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Pledges of Allegiance

July 2017 – July 2018
USF Contemporary Art Museum

 

RELATED EVENTS:

Wednesday, February 14, 10-10:30am, USFCAM
Pledges of Allegiance Flag Raising

 

PANEL DISCUSSION VIDEO
Watch the September 21 Pledges of Allegiance Panel Discussion on Unity, Divisions, and Spaces for Intersection on YouTube.

PRESS
Creative Loafing’s profile of Pledges of Allegiance examines how the national public art initiative presented by Creative Time creates unity around the personal and political freedoms of expression, life, liberty and justice for all. Read the article here.

To follow the Pledges of Allegiance project in its entirety, visit the Creative Time site.

USF Contemporary Art Museum (USFCAM) is a participating institution in Pledges of Allegiance, a nationwide, year-long public art project featuring a serialized commission of flags created by acclaimed artists and presented by New York-based public art nonprofit Creative Time. Conceived in response to the current political climate, Pledges of Allegiance aims to inspire a sense of community among cultural institutions, and begin articulating the urgent response our political moment demands.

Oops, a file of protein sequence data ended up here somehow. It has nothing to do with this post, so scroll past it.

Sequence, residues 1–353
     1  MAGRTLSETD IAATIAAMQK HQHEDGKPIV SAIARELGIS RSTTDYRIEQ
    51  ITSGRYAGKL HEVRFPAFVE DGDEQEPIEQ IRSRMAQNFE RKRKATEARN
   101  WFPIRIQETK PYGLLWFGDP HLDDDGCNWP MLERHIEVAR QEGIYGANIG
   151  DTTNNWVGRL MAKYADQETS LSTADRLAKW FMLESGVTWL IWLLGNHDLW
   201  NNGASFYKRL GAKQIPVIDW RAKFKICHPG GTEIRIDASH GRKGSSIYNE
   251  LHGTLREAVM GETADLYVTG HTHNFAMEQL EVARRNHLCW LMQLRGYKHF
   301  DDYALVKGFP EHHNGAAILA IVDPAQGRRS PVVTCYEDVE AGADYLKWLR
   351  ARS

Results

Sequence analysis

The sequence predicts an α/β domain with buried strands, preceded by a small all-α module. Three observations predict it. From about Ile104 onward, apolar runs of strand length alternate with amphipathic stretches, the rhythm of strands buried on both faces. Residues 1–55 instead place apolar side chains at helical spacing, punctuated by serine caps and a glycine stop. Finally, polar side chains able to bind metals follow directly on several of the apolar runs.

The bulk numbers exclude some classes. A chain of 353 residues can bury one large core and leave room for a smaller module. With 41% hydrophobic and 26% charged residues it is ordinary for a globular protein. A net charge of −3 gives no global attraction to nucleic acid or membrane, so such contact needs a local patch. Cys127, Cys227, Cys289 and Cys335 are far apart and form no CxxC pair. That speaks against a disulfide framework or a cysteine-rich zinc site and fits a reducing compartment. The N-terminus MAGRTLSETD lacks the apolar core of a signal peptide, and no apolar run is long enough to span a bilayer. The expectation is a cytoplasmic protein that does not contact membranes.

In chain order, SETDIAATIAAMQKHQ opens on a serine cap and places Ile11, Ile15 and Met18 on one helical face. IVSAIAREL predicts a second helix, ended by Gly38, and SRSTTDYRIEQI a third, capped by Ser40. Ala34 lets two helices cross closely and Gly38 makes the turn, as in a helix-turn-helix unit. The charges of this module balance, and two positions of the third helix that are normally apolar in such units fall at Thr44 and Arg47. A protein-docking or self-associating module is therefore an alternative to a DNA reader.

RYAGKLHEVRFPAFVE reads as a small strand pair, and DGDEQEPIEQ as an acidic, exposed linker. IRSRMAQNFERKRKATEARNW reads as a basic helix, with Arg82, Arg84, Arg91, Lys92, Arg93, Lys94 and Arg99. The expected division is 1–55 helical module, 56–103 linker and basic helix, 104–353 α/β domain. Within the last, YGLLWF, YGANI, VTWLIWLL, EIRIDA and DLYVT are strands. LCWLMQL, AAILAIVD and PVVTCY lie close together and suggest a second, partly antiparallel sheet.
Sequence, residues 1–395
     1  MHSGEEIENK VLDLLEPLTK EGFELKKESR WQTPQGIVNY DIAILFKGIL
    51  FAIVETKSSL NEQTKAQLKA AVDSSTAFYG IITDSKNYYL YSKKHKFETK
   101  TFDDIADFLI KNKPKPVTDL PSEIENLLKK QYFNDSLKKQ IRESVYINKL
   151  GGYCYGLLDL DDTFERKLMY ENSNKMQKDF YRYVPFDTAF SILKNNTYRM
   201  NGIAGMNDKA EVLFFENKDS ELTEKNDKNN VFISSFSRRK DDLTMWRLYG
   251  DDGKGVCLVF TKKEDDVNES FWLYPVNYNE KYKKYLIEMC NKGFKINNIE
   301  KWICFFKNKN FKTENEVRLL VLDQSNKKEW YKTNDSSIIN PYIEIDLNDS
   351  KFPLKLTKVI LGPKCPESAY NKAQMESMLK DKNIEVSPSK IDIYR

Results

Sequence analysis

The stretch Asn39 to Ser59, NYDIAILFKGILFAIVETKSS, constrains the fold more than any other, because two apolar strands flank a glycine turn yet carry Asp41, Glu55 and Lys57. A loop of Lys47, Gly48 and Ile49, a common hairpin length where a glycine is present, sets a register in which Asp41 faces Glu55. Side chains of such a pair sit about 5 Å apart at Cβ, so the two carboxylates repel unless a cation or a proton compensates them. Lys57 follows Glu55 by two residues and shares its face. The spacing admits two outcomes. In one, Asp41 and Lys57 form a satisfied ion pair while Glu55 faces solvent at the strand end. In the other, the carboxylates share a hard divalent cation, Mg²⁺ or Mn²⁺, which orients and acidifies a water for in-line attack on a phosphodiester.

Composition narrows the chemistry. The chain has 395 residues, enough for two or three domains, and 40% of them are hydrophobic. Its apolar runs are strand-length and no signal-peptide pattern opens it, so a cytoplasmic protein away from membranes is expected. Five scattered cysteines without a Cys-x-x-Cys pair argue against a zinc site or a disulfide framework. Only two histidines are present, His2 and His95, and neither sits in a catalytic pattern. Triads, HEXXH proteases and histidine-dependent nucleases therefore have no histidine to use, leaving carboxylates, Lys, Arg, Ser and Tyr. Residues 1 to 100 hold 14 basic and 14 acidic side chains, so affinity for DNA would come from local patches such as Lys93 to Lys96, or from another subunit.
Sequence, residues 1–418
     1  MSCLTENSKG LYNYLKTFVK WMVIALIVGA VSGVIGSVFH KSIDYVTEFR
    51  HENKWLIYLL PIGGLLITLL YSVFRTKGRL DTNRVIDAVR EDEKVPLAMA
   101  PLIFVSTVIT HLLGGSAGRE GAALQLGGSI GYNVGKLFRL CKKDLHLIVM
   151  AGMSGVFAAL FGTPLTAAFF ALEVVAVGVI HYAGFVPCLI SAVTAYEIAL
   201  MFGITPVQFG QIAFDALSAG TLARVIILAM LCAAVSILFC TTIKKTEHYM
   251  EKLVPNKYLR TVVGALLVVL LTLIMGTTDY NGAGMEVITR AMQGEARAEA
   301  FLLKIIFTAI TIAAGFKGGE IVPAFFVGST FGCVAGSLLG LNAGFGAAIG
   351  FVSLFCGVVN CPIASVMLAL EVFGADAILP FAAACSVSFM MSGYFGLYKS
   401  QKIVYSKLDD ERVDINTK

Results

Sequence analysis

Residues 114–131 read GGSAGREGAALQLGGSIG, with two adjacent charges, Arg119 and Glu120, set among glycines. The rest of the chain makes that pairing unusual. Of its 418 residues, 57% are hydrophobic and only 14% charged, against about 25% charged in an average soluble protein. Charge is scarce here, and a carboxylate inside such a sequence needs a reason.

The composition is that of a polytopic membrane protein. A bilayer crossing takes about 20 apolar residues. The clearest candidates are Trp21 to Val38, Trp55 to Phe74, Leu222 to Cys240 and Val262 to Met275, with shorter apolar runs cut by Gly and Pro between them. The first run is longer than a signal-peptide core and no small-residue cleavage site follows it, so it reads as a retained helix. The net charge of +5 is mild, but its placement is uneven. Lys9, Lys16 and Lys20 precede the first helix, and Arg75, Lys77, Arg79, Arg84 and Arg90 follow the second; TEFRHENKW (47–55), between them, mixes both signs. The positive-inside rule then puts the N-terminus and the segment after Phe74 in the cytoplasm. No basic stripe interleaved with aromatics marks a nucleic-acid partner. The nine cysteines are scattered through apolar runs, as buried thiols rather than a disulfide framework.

Throughout the year, USFCAM will mount a different artist-designed flag each month in coordination with Creative Time’s national public art initiative. Each flag embodies art’s ability to channel political passion, providing a symbol of allegiance around which to unite, as well as a call-to-action for institutions nationwide to raise upcoming Pledges of Allegiance flags in solidarity. This month, the flag was raised at USFCAM and the following four locations simultaneously: Creative Time headquarters at 59 E 4th Street and The Queens Museum in New York, Pennsylvania Academy of the Fine Arts, and the 21c Museum Hotel in Durham, North Carolina.